At Gasconade, my vision of curating began with a militant commitment to local art, which today has been enriched by a sort of empathy towards the artists with whom I collaborate.

I participated in the public gatherings organized at Bocconi and I listened to you read a few texts. Milan is captured through its tics/repetitions and its metamorphoses. The chaotic and efficient Milan of the morning, the sensual–yet no less crazed–Milan of the evening, and many other hidden Milans that are invisible to most people. And then there are the art shows, there’s the money, the sex, the parties, the music, work, as well as returning to the provinces, family life and the advantages that come with adopting the role of a young artist today. Will ‘Le Petit Jeu’ be the title of the novel or is that just how you like to define what you are doing?
‘Le Petit Jeu’ is our working title. The expression doesn’t reference the endeavor of writing a novel; rather, it is about using one’s wits to navigate the art world — or rather, the ingenuity it takes to navigate and secure a place within the art world. Essentially, this is what we did with Gasconade. The space’s program was entirely financed by renting out my studio apartment on Airbnb, which meant I crashed with my artist friends.

A product of team-work.
It had to be. But this experience was not a grosse fatigue, because in a certain sense we had already internalized its eventual failure. And so it was more of a divertissement. A game of Risk. It was our answer to what Corrado Levi in the ‘80s called “the giant slalom.” While sports-metaphors have never been relevant to us, what we share with that vision is a desire to investigate the reasons behind art-making in the midst of all the nonsense that surrounds us. Therefore, if you ask yourself what it is, at the end of the day, that all that striving for a place has given you, the answer is a ‘us.’ Essentially, the novel wants to do this: to illustrate how, against the backdrop of a project space, a community was born.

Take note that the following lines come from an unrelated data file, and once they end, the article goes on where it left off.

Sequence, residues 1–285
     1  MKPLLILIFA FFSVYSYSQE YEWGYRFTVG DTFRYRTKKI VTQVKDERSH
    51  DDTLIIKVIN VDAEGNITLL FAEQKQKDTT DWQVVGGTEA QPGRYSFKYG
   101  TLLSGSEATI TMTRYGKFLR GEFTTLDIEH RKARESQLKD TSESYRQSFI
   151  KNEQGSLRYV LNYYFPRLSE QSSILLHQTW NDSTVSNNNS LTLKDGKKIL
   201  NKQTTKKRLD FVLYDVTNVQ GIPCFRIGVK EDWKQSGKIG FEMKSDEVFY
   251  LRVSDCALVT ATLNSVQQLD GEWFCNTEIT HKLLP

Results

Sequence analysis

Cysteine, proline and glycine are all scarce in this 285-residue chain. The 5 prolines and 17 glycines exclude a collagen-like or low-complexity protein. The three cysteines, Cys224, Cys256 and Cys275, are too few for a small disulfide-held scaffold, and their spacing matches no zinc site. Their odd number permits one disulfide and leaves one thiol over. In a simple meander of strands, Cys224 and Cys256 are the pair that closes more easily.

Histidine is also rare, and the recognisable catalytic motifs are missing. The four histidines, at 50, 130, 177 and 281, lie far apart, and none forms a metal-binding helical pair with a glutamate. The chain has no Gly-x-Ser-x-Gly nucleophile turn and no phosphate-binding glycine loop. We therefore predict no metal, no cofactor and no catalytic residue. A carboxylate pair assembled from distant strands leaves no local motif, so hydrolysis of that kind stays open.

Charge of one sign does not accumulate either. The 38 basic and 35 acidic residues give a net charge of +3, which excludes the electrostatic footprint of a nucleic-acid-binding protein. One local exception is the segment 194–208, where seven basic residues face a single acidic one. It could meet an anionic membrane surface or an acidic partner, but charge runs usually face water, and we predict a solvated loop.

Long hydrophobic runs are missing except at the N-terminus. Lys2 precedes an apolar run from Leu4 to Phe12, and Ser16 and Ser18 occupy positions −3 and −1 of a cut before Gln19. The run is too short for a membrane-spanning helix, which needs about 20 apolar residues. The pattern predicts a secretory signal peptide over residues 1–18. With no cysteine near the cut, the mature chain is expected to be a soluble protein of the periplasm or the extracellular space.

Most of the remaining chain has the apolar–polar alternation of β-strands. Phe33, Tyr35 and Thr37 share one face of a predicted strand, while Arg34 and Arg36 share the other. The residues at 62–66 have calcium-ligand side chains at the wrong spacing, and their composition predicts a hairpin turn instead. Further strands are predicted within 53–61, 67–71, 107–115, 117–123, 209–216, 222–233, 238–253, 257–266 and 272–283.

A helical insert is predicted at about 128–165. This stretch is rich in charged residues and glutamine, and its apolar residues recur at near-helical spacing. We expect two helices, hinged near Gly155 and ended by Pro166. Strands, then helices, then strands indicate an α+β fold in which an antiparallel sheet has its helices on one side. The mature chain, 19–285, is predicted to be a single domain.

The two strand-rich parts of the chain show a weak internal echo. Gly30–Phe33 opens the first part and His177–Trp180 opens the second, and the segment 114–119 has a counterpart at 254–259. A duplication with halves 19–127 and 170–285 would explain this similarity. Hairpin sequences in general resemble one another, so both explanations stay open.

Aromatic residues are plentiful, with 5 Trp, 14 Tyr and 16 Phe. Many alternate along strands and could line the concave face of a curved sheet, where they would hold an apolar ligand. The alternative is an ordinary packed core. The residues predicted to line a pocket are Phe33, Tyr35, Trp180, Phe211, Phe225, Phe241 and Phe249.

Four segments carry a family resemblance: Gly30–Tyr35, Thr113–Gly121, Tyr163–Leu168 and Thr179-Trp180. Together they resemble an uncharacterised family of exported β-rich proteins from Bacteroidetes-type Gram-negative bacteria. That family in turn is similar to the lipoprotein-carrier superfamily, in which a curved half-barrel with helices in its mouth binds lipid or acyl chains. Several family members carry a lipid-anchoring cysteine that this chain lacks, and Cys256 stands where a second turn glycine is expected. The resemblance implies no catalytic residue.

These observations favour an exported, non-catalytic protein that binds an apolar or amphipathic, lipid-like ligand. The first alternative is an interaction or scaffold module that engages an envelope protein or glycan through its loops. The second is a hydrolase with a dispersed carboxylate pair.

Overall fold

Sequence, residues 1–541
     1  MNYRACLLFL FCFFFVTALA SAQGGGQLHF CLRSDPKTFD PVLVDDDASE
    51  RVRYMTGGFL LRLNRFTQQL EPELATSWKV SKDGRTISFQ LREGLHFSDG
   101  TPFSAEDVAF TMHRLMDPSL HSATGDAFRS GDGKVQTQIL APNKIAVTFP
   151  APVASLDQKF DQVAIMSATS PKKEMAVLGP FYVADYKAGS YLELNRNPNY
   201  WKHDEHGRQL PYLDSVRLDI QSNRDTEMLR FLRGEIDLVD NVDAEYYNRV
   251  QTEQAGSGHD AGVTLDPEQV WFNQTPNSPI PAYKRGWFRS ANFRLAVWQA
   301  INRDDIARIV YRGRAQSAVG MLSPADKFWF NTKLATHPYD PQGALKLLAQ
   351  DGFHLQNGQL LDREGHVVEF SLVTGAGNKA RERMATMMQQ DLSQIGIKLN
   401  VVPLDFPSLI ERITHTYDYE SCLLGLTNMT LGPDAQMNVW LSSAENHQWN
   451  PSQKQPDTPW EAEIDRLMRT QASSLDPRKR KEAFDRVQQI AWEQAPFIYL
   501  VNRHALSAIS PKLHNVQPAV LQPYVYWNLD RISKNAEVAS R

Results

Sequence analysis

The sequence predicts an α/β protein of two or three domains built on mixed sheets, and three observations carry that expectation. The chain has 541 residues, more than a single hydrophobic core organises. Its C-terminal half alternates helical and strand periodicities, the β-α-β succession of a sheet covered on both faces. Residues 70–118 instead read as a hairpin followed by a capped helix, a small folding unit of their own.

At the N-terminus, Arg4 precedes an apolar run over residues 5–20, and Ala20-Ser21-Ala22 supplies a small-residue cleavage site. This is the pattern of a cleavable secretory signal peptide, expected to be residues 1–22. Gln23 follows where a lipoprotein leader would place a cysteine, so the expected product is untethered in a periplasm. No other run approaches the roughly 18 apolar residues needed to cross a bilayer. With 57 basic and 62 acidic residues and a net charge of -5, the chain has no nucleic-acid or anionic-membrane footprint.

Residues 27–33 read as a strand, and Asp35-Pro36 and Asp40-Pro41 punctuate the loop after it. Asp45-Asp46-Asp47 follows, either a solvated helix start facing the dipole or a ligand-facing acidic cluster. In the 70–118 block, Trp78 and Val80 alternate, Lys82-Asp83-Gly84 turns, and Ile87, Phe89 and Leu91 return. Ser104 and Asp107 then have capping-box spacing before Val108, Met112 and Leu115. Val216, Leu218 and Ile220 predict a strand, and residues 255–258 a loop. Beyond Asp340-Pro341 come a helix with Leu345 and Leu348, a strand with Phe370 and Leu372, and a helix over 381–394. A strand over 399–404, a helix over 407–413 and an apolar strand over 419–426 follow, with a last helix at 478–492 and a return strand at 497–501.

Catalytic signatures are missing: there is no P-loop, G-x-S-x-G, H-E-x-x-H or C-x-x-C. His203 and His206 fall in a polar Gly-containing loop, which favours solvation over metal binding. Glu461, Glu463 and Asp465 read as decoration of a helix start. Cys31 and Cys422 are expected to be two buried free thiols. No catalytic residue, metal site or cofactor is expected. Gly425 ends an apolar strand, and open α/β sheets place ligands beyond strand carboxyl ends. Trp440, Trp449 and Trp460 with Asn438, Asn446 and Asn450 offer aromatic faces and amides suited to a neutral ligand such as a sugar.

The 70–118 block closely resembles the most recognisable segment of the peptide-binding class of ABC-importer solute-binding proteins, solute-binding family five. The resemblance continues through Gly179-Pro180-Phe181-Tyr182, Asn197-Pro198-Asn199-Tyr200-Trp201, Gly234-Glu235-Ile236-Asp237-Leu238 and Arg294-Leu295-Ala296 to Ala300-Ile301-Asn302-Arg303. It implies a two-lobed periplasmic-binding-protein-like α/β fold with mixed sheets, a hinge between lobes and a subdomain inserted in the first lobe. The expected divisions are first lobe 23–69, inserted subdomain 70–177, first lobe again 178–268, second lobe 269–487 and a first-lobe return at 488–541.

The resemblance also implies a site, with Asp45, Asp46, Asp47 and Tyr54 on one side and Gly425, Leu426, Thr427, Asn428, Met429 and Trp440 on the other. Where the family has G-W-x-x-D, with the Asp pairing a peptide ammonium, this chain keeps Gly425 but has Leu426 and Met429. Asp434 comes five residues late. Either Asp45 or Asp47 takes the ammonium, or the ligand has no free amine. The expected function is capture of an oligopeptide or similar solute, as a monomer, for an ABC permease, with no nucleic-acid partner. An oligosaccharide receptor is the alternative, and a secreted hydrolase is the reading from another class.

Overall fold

A community of people in Milan, even though some sections of ‘Le Petit Jeu’ take place elsewhere: an artist returns to his hometown; another one goes on a trip; it spans all of Italy from the industrial North to Sicily. These intervals convey the image of a city that is lively and vibrant, a nucleus from which to leave as well as to return. If you were to draw a map of “your Milan,” which places and neighborhoods would you highlight?
The space that housed Gasconade was in Porta Venezia, which is the neighborhood I live in today, and where several artist friends live. In the past, several members of the group lived in Dergano, which is perhaps the other great arena of our community’s everyday life. One of my best friends is from QT8; and this neighborhood also has a role in our story. If Dergano was the site of production at the periphery, and Porta Venezia the ‘exhibition space’ at the center, then QT8 was something else all together — a utopian project, which became for us, even just for an afternoon, our Monte Verità. All that is to say that even just five years ago, we believed that the space could not be anywhere except in the city center. We were young and still reading the city according to that kind of Modernist schema, which was maybe a bit provincial. Now that Milan is once again a focal point in the global art world, the dichotomy between center and periphery has lost its meaning.